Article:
I think that was the timer.

I think that was the timer.

Not all cooking is pleasurable.
But follow this.

I have a dozen cherrystone clams and I want the meat.
Bring a large pot (I use my good-sized wok with cover) of 2 cups of water to a boil and set the clam into the pot; lower the heat to a simmer, set a timer for 7 minutes and go about my work.
At the ring, I remove the opened clams to a bowl for cooling and return the cover and let the unopened clams simmer for another 5 minutes, returning to retrieve the rest of the clams, now opened.
Reserve 24oz of the clam broth, adding water if necessary to attain the 24oz.

In a 12-cup saucepan I very slowly render ½ oz of pancetta or bacon, small-diced.
I set the timer for 5 minutes and return to may work.
At the bell I stir the pancetta and continue the render until the bits are deeply fried, at my work until ready.

At my convenience, the clams must be removed from their shells and cut into ½” pieces. Reserve.

Large-dice (1/2” cubes) 3oz each of celery, onions, and potatoes.

Add the potatoes to the rendered pancetta, cover the pan, and cook slowly (burner at simmer) for 5 minutes. Meanwhile return to work.
At ring, turn the potatoes and cook for another 3 minutes.

At ring, add the onions and celery.
Toss, add grated pepper, cover, and let cook slowly for 5 minutes. Go back to work.
At ring, turn all and cook for 3 minutes more.

At ring, add the clams, the 24oz of clam broth, 8oz of milk, and 4oz of heavy cream.
Low-Simmer for 5 minutes and serve hot garnished with thinly sliced scallion pennies.

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Tagging Today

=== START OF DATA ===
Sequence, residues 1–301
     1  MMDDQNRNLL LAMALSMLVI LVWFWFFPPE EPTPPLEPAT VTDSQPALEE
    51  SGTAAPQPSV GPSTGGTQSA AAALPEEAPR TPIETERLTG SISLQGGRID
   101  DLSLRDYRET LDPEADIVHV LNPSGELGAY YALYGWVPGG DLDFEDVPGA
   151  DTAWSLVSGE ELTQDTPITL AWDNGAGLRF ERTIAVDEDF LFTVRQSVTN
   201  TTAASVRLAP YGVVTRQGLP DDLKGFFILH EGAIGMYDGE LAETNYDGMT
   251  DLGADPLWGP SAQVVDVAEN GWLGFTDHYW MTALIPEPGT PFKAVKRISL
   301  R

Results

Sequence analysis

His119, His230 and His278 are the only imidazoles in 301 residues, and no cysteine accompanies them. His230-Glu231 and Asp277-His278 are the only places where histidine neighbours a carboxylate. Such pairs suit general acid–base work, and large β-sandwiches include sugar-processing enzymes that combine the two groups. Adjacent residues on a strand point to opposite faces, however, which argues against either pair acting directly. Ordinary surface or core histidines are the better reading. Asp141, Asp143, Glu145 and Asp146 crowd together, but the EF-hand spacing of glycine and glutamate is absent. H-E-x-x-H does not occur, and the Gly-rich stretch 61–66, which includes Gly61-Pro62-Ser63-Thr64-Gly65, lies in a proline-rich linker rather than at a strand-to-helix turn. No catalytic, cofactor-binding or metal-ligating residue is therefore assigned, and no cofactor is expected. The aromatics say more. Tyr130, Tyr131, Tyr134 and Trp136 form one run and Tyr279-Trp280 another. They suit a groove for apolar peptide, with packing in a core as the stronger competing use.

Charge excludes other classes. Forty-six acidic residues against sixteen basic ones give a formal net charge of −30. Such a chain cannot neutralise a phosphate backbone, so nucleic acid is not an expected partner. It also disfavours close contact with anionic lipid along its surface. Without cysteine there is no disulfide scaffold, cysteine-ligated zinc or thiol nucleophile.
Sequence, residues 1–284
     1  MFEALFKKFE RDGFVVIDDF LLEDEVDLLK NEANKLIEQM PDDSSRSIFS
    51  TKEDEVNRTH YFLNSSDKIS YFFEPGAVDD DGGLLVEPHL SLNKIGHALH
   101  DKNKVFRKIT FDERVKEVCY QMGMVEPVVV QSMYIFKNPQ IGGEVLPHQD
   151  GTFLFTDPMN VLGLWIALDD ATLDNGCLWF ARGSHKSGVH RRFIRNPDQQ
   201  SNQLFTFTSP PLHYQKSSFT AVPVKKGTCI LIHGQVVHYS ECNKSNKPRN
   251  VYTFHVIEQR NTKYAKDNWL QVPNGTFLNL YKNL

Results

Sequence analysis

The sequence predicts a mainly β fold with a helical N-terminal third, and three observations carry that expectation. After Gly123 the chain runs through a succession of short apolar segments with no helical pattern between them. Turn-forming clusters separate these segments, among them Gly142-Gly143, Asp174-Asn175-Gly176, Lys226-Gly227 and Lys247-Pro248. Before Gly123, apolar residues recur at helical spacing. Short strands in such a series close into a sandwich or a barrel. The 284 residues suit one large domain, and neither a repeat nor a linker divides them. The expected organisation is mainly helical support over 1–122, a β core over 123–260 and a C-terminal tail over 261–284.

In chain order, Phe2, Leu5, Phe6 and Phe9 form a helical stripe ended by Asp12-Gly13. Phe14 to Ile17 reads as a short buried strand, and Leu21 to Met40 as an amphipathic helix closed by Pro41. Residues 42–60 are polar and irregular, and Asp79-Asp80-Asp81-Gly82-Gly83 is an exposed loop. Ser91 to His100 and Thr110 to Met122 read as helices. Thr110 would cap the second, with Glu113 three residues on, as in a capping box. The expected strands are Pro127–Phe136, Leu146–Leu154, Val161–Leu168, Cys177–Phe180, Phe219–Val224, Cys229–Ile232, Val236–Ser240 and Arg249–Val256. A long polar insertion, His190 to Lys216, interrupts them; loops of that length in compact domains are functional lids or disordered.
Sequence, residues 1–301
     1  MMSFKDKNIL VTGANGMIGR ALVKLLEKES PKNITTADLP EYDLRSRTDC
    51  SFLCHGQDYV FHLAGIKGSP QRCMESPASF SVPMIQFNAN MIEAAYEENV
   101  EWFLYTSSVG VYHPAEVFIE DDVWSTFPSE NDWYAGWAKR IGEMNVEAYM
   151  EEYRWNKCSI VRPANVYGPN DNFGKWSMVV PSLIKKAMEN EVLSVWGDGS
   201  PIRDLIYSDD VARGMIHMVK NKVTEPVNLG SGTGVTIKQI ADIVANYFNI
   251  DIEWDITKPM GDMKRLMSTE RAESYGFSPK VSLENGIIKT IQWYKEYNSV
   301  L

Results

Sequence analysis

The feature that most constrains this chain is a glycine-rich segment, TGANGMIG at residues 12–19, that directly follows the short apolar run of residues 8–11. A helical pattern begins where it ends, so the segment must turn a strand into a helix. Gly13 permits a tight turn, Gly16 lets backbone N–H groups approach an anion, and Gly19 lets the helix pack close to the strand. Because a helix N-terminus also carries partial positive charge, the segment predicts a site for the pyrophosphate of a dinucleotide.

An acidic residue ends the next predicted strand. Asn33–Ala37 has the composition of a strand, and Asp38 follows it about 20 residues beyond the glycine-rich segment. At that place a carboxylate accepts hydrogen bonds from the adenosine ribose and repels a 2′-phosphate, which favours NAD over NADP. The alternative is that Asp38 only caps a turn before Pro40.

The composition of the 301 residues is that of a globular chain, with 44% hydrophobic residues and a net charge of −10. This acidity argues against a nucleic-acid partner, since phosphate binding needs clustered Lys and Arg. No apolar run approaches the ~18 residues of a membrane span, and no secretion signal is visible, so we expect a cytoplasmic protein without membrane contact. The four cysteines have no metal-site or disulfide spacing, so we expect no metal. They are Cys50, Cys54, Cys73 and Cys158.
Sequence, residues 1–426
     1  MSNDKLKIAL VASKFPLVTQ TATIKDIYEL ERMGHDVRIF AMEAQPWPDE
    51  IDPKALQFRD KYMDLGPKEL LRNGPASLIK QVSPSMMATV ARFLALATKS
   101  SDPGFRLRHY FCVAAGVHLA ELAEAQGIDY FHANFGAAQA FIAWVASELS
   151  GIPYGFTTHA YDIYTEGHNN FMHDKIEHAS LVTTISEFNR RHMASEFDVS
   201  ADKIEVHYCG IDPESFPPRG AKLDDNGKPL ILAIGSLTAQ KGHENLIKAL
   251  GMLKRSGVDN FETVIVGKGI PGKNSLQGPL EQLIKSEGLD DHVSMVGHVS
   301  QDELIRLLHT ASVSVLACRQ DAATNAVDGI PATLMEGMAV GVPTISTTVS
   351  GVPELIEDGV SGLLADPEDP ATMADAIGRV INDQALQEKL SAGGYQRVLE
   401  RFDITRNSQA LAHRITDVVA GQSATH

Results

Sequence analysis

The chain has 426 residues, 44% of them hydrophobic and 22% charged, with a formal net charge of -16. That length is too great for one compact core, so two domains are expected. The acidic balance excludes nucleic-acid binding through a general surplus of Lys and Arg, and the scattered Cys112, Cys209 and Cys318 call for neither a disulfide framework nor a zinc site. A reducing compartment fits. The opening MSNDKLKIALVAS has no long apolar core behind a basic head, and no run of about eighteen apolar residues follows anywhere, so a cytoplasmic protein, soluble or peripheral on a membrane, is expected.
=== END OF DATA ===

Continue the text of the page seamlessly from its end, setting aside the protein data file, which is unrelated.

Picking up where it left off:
Thursday, December 6, 2018
My 238th consecutive posting, committed to 5,000.
Time is 12.01am.
Boston’s temperature will reach a high of
It will

Dinner is Roast Pheasant. A tough bird to cook but I nailed it! Will share the recipe next week. I’m cooking Squab for more guests on Sunday. Another bird not commonly cooked. When I compare the way I cook the squab with the pheasant I’ll promulgate the recipes for both.

Our recipe is best. Quelle surprise!

Our recipe is best.
Quelle surprise!

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Question of the Day:
Who makes the best New England Clam Chowder?


Hint:
I’ve never seen celery in another recipe for this dish.
But goodness, celery is born to it.

One of the terrible results of mass production is the increasingly dominant sale of celery stripped of its leaves. Those leaves, so delicious; healthy; useful. Terrible to go to Whole Foods and see only stripped celery heads, only occasionally find a head with some sturdy leaves that somehow escaped the reaper. Look at this beauty. Wiki says celery is a marshland plant that has been cultivated as a vegetable since antiquity.  Celery has a long fibrous stalk tapering into leaves.  Depending on location and cultivar, either its stalks or leaves are eaten and used in cooking. Celery seed is also used as a spice and its extracts have been used in herbal medicine.

One of the terrible results of mass production is the increasingly dominant sale of celery stripped of its leaves.
Those leaves, so delicious; healthy; useful.